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Saturday, January 31, 2015

My US Afro-Cuban Connections


Being a lover of son-montuno, charanga, danzón, and timba music from Cuba, along with a strong desire to use my Spanish made me want to be closer to the fairly large Afro-Cuban community here in Oakland where I live. This was especially after my two week trip to Cuba where I was deeply touched by the culture and the hospitable nature of most Cuban people.

My professional connections with Afro Cubans in the U.S. was a result of my work as an employment counselor as I started meeting a large wave of immigrants called balseros (Spanish for rafters) because they escaped the Island of Cuba on makeshift rafts. 

One such balsero was Miguel who invited me to a party so I could meet his family. We used to have long conversations in my office as he enlightened me on the things I observed during my Cuban visit. There was also Jesús, a very outgoing Cuban musician whom I interviewed for a salsa music magazine where I served as a part-time staff writer.
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My social connections with the Afro-Cuban community is different and surprisingly limited due to, unfortunately, the cultural comfort zone of the average Cuban immigrant wanting to be around other Cubans or Latin Americans, especially in Oakland. I had a much easier time mingling with Cuban men and women on the island of Cuba.

One exception was Vladimir, another balsero whom I met at the Caribee Dance Center in Oakland where we hung out on salsa nights. Due to our frequent patronage of the center, our rapport grew. It was about this time when I was planning my trip to Cuba, and Vladimir was good enough to hook me up with his family in Havana where I was welcomed like a member of the family and well fed with Cuban food.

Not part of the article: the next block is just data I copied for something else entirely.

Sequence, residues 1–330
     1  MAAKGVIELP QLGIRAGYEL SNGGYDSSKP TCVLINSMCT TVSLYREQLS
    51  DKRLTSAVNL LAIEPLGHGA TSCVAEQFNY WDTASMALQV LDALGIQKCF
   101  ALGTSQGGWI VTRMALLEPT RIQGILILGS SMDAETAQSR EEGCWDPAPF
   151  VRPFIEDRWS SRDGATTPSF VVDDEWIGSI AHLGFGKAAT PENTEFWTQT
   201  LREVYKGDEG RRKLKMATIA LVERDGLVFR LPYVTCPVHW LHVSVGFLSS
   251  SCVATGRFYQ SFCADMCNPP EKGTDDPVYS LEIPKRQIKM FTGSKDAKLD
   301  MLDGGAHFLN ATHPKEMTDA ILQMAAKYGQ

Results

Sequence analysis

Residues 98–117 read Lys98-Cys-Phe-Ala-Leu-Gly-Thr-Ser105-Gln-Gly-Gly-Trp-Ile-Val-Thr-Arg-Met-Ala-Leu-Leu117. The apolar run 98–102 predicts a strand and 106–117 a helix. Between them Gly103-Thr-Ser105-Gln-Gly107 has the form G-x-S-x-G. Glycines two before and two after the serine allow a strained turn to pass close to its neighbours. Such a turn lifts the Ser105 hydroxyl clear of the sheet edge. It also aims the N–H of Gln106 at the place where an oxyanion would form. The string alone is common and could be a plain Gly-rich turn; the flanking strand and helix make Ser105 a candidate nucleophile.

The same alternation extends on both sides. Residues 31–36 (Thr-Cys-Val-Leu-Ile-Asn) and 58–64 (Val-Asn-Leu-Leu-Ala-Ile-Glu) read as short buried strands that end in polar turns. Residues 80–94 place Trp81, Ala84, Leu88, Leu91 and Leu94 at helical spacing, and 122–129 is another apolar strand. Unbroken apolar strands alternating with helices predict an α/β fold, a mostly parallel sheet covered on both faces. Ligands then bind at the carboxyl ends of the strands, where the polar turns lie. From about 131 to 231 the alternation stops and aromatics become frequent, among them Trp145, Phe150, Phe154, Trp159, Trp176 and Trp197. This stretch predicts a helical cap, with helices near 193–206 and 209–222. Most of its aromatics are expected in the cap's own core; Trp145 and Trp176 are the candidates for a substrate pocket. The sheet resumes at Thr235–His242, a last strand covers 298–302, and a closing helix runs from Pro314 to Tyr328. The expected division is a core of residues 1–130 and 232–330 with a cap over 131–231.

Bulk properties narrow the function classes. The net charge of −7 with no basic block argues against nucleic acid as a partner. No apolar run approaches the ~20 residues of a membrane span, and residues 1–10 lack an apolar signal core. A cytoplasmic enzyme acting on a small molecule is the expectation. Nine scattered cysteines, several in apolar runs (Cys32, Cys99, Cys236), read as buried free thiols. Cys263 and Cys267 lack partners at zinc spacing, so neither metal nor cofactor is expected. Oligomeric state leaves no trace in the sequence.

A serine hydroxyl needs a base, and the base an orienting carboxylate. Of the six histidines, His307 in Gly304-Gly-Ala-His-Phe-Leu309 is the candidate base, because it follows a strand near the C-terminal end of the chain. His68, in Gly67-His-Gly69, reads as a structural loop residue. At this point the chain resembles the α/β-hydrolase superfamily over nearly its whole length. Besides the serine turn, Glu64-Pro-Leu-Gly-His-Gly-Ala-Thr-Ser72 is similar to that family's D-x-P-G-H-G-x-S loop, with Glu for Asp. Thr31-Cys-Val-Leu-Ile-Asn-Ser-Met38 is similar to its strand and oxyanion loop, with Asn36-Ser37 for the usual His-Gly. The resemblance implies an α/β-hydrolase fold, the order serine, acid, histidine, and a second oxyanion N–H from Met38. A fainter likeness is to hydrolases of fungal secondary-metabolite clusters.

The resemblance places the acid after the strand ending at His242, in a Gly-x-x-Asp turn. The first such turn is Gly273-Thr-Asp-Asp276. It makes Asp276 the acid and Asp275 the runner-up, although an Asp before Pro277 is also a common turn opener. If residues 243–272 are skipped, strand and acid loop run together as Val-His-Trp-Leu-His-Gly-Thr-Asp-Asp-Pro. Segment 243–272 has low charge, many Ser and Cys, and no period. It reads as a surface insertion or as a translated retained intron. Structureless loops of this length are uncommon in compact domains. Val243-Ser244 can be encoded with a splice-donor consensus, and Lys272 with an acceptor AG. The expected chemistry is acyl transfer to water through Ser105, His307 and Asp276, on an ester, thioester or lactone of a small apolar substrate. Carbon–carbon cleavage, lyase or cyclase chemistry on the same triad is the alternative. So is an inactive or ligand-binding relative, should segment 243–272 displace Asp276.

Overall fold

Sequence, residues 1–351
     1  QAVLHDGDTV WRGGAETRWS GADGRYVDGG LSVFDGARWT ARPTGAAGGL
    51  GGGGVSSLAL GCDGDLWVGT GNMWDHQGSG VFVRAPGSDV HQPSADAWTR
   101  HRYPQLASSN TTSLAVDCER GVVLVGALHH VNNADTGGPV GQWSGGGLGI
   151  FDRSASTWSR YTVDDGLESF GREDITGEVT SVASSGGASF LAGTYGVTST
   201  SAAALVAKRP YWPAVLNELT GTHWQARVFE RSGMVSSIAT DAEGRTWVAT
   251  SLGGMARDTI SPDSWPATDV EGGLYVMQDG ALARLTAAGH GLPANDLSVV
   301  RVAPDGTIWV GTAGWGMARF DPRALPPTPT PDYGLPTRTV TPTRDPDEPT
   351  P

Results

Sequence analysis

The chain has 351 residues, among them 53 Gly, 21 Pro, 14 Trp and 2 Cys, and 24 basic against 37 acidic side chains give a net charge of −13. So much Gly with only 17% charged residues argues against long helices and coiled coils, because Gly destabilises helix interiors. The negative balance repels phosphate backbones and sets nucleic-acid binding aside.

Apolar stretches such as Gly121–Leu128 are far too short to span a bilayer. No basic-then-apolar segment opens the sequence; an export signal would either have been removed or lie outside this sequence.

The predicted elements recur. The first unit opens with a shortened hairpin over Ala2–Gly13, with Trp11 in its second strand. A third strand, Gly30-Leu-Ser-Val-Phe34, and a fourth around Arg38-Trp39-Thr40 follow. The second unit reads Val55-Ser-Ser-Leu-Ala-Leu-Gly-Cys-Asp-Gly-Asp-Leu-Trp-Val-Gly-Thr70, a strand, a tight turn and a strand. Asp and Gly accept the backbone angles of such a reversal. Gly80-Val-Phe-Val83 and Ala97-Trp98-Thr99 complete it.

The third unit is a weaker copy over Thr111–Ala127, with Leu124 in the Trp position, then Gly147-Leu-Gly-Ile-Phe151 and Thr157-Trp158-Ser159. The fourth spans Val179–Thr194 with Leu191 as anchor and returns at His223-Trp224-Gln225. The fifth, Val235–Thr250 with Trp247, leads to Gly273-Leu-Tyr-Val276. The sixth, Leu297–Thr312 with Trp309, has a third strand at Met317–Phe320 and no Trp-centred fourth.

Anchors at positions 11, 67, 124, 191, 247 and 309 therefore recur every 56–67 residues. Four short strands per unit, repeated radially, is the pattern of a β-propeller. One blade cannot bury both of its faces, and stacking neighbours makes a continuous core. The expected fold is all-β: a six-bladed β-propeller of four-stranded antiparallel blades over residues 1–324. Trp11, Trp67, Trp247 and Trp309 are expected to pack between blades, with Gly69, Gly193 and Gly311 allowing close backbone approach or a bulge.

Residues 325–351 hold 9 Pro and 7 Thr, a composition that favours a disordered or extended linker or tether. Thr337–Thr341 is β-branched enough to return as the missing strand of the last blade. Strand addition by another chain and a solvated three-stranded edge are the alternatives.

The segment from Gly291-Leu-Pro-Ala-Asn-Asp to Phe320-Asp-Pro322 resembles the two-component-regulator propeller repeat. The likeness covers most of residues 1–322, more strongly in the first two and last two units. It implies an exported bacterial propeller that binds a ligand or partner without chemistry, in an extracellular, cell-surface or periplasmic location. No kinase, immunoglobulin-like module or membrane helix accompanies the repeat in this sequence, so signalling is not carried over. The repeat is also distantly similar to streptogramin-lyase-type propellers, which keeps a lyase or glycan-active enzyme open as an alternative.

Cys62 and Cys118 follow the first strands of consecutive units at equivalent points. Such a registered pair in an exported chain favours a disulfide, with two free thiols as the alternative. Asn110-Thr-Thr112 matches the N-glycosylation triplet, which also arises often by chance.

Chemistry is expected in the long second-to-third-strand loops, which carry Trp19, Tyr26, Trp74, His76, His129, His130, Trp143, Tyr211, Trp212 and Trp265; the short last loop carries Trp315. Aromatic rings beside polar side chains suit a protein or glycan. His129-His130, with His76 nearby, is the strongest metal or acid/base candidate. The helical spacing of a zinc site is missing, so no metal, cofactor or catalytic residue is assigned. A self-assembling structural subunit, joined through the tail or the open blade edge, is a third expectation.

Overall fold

One year after my trip to Cuba, Vladimir's mother, Julia, came to Oakland to be with her son for one year. I used to stop by the house often to keep Julia company in my appreciation of the family-like way she and her family treated me during my Cuban visit. What was strange was that Vladimir spent a lot of time away from the home doing his thing. That would have never happened in Cuba. 

One evening, I just happened to be coming home late from work and found Julia standing outside of Vladimir's apartment. She was locked out, and she had no idea of the whereabouts of her son. To help Julia, I managed to climb into the apartment through a side window, and provided Julia her needed access.

After Vladimir's mother Julia returned to Cuba, Vladimir soon moved out of the neighborhood without even telling me. He never call me with his new contact information or anything. I interpreted that as a break in our friendship, which abruptly ended any rapport that I had with the Afro-Cuban community in Oakland.

It was a Saturday afternoon in nearby Berkeley, CA when I was browsing a Flea Market proudly wearing my Cuban baseball cap. I just happened to pass a stall run by Afro-Cubans selling video and stereo equipment. They were strictly business and not too friendly even though I spoke Spanish and expressed genuine appreciation for the loud Cuban music in the background. 

One of them gave me a hard, curious look before reluctantly asking, ¿Cubano? (Are you Cuban?). As I tried to explain in Spanish that I visited the island, he simply turned his back and walked away while the owner stated with a smirk on his face, “¡él no es Cubano (he ain't Cuban)!” I just laughed and moved on to get away from the cliquish vibes.


I don't meet too many black Cuban woman in the US, and I'm guessing because not too many of them take the risks of crossing the Gulf of Mexico on makeshift rafts. However, when I was in Cuba, I was drooling over all the  attractive black women I could choose from if I lived on the island because so many Afro-Cuban guys seemed to be attracted to white and mestizo women.

Finally, there was Lydia, an Afro-Cuban woman who hated on me for a long time because she felt that my love for the island of Cuba and its music was making me swing to the beat of Castro, a man whom she and many Cuban refugees despise with a passion. Lydia and I used to verbally cut each other up in English and Spanish.

One day, while in one of her civil moods, she turned me on to a book entitled “Hijack” written by Tony Bryant, a former Black Panther who hijacked a plane to Cuba. Tony wrote about how his experience in Cuba converted him from a leftist black revolutionary into a right-wing republican by the time he returned to the USA 14 years later. When I expressed an interest in reading this book (a good read, by the way), she immediately felt love for me as a brother.